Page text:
Taliban fire into air at Kabul airport preventing Australians from catching evacuation flights
By foreign affairs reporter Stephen Dziedzic 3 days agoLike|7Jennifer Lopez and Ben Affleck ‘are in it for long run’Putin’s pre-election social payments may cost budget $6.75 billion – lawmaker© (AP Photo/Shekib Rahmani) U.S. soldiers stand guard along the perimeter at the international airport in Kabul, Afghanistan, Monday, Aug. 16, 2021.
Australians desperately trying to get into Kabul’s airport for a planned military evacuation flight say they were forced to flee after Taliban guards threw smoke bombs, fired into the air and attacked people outside the terminal gates.
On Thursday the federal government issued an alert telling Australians and Afghans holding an Australian visa to get to Kabul’s international airport for a second military flight out of the country.
The government positioned two C-17 military transport planes in the Middle East and was expected to send one of them into Kabul late on Thursday – although Prime Minister Scott Morrison said that would depend on the Australian Defence Force (ADF) being granted a landing spot at the airport.
As of late Thursday (AEST) it was still not clear when the plane would arrive in Kabul.
The ABC has spoken to several Australians and visa holders who flocked to the airport in hope of getting on the flight, only to be confronted by huge, unruly crowds and aggressive Taliban guards at checkpoints.
The problem is not new; thousands of Afghans trying to flee the country since the Taliban seized power have gathered outside the airport and have struggled to get past security checkpoints and roadblocks.
But the security situation outside the airport seems to be worsening.
One Australian sent a message saying that almost no-one was able to get past security points because the crush of people made movement impossible.
And he said the Taliban guards were resorting to increasingly violent tactics to keep the crowd at bay.
“The situation is unimaginable. They were throwing smoke bombs … too much shooting, people getting beaten up,” he said.
“You’d go forward in a line and all of a sudden they’d throw another smoke bomb at you.”
The man said he had given up getting on an evacuation flight and returned home because he was so infuriated and distressed by the violence.
Videos sent to the ABC also show large crowds of people pressing forward outside the airport walls. Gunfire can be heard ringing out at regular intervals.
‘They are shooting’
Another Australian, Muftahudin Babackerkhil, who was also trying to get his family into the airport in order to get them on a flight home said the scene outside the airport was a disaster.
“I am close to the gate and it’s a huge crowd, no-one will let you get in. The Taliban is here, there is gunfire,” Mr Babackerkhil said.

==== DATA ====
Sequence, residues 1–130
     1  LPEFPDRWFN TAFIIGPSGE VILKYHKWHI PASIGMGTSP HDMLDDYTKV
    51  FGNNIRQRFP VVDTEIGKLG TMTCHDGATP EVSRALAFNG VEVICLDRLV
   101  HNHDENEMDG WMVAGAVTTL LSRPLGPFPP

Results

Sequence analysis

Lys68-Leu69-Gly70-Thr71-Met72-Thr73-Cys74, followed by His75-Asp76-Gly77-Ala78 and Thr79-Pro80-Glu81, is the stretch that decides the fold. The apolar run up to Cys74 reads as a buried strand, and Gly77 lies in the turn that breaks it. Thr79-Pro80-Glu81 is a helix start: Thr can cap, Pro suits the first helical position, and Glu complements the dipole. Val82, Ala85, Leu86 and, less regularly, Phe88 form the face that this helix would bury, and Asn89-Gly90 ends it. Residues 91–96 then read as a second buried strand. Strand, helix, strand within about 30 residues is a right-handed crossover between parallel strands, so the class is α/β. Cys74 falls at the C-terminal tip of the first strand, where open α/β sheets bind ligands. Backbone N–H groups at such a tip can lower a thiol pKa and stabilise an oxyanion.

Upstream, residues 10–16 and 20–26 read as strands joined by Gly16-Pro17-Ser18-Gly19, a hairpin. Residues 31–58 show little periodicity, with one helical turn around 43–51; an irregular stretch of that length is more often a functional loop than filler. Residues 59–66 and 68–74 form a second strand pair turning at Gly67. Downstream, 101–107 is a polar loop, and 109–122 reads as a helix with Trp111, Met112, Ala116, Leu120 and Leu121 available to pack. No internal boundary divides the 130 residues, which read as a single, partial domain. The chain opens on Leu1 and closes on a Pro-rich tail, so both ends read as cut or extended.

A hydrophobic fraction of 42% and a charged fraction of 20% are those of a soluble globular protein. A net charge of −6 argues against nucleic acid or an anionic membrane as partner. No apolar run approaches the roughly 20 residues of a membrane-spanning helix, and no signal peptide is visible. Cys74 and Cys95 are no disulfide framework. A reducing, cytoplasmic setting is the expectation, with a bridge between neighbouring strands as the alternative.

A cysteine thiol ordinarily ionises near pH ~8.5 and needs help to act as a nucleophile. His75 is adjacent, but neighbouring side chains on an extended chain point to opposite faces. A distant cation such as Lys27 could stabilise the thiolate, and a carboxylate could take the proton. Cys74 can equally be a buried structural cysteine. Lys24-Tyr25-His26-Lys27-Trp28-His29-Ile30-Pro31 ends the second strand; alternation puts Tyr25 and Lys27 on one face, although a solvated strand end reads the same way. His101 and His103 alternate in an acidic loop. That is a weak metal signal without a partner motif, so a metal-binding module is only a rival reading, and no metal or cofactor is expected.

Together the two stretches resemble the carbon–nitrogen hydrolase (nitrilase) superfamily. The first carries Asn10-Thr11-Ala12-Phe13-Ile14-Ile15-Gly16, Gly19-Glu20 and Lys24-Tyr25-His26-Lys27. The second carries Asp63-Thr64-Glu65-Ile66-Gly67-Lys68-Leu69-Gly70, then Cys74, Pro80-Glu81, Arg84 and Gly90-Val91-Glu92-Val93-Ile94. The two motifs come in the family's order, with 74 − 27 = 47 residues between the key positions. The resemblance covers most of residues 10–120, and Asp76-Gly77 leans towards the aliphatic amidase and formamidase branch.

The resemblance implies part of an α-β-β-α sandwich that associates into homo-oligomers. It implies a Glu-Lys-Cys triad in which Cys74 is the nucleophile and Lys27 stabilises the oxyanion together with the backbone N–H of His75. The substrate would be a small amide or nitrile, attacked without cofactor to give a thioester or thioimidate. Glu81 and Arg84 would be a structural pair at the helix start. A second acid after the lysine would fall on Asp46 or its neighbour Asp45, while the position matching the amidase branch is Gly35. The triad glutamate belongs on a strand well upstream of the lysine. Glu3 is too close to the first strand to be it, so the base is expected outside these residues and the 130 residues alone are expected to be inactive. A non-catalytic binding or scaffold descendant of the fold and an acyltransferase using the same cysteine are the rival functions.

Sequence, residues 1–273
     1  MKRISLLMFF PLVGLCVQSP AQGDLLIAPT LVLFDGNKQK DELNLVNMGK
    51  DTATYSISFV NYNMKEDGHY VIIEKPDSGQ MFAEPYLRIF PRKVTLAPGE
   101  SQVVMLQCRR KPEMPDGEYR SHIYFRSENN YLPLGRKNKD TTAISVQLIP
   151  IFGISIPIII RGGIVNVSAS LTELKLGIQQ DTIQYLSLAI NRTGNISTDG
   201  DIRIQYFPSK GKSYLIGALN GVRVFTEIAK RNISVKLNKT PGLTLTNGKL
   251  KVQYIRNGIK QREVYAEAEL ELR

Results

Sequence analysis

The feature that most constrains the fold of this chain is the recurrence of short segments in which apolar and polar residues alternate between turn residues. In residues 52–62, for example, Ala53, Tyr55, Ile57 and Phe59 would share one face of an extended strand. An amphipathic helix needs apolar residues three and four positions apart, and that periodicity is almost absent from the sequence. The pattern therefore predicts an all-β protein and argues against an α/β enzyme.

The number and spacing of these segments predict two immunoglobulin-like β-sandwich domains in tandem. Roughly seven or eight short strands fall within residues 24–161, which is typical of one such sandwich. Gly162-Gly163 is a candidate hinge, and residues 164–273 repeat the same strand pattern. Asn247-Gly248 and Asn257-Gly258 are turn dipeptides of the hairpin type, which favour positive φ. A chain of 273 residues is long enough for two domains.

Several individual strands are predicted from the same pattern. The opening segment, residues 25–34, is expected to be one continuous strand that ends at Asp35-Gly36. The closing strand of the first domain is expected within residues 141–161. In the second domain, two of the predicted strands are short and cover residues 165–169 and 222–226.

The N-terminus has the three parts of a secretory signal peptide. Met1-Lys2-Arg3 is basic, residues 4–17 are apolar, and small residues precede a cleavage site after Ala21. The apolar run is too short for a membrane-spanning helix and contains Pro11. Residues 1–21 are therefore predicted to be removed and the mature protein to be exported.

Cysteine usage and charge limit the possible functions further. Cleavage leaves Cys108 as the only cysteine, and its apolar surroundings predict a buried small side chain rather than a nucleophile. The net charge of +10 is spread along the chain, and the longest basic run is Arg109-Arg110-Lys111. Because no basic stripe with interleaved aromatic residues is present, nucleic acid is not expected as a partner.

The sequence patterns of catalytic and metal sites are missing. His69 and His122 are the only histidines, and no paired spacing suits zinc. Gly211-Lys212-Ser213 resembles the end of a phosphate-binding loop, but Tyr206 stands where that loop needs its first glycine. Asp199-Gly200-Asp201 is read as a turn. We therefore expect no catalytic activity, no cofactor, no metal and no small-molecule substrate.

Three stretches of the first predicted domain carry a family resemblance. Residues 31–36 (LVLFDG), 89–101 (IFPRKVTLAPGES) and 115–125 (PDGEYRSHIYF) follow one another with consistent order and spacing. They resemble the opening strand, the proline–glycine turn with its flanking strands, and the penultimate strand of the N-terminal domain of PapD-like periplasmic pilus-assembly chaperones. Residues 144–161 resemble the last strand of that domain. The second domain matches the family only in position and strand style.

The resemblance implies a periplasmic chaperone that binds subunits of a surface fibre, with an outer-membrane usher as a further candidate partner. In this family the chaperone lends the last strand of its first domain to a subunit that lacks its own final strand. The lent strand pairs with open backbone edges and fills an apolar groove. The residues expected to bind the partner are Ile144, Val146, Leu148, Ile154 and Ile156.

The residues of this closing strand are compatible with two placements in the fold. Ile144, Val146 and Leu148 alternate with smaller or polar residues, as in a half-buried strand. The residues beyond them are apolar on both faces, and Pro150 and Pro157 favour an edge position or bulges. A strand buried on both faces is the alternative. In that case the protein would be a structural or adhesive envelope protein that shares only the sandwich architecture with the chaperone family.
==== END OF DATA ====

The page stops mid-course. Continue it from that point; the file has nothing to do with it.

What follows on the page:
He also lashed out at the Australian government and the Department of Foreign Affairs and Trade, saying it was “crazy” for them to direct people to the airport without offering help.
“They send me an email and say go to the airport. There is no-one there,” he said.
Mr Babackerkhil said Australian officials had to find a way to bring them inside the terminal or they would have no hope of catching a flight out.
“They have to announce the names and bring us in. There is no proper way to let the people in. They are shooting, kids are crying. Two people have been injured that I saw,” he said.
“The government need to listen and understand what is going on here. It is a disaster here. I am ready for the Taliban to shoot me, because it’s a horrible situation.”
A third Australian said he’d also left the airport because of the violence and lashed out at the federal government for not providing protection.
“Guards have shot at people at the gate, and some type of gas released,” he wrote.
“Suffering hearing loss and difficulty breathing … [have] now left after waiting for over five hours. This is how our ‘government’ is treating Australians!”
Several countries – including the United States, the United Kingdom and Australia – have repeatedly pressed the Taliban to ease security checkpoints near the airport and give safe passage to those who wish to leave.
Foreign Minister Marise Payne held talks with UK Foreign Secretary Dominic Raab on Thursday evening and discussed joint evacuation efforts.
Earlier on Thursday the government revealed that 76 Australians and Australian visa holders had been carried out of the country on a UK military plane overnight.
Senator Payne also said Australian officials had met with counterparts from several countries, including the US, to hammer out a plan to improve access to the terminal.
She said Australia had no military or diplomatic presence outside the airport perimeter set up by the US military.
“Australia is not outside the airport at all. Australia is inside Hamid Karzai International Airport, and any issues around security outside the airport we are working with partners on those, and particularly led by the US,” she said.
“That is why there has been quite a significant meeting overnight with, led by the United States, with officials from partner countries, who are sharing that challenge so that we can work hard together on the ground … to address that.”
MORE FROM MSN
- Jennifer Lopez and Ben Affleck ‘are in it for…BANG Showbiz
- UK: Afghan rescue ‘down to hours’Evening Standard
- Harris looks to assure Asia alliesBloomberg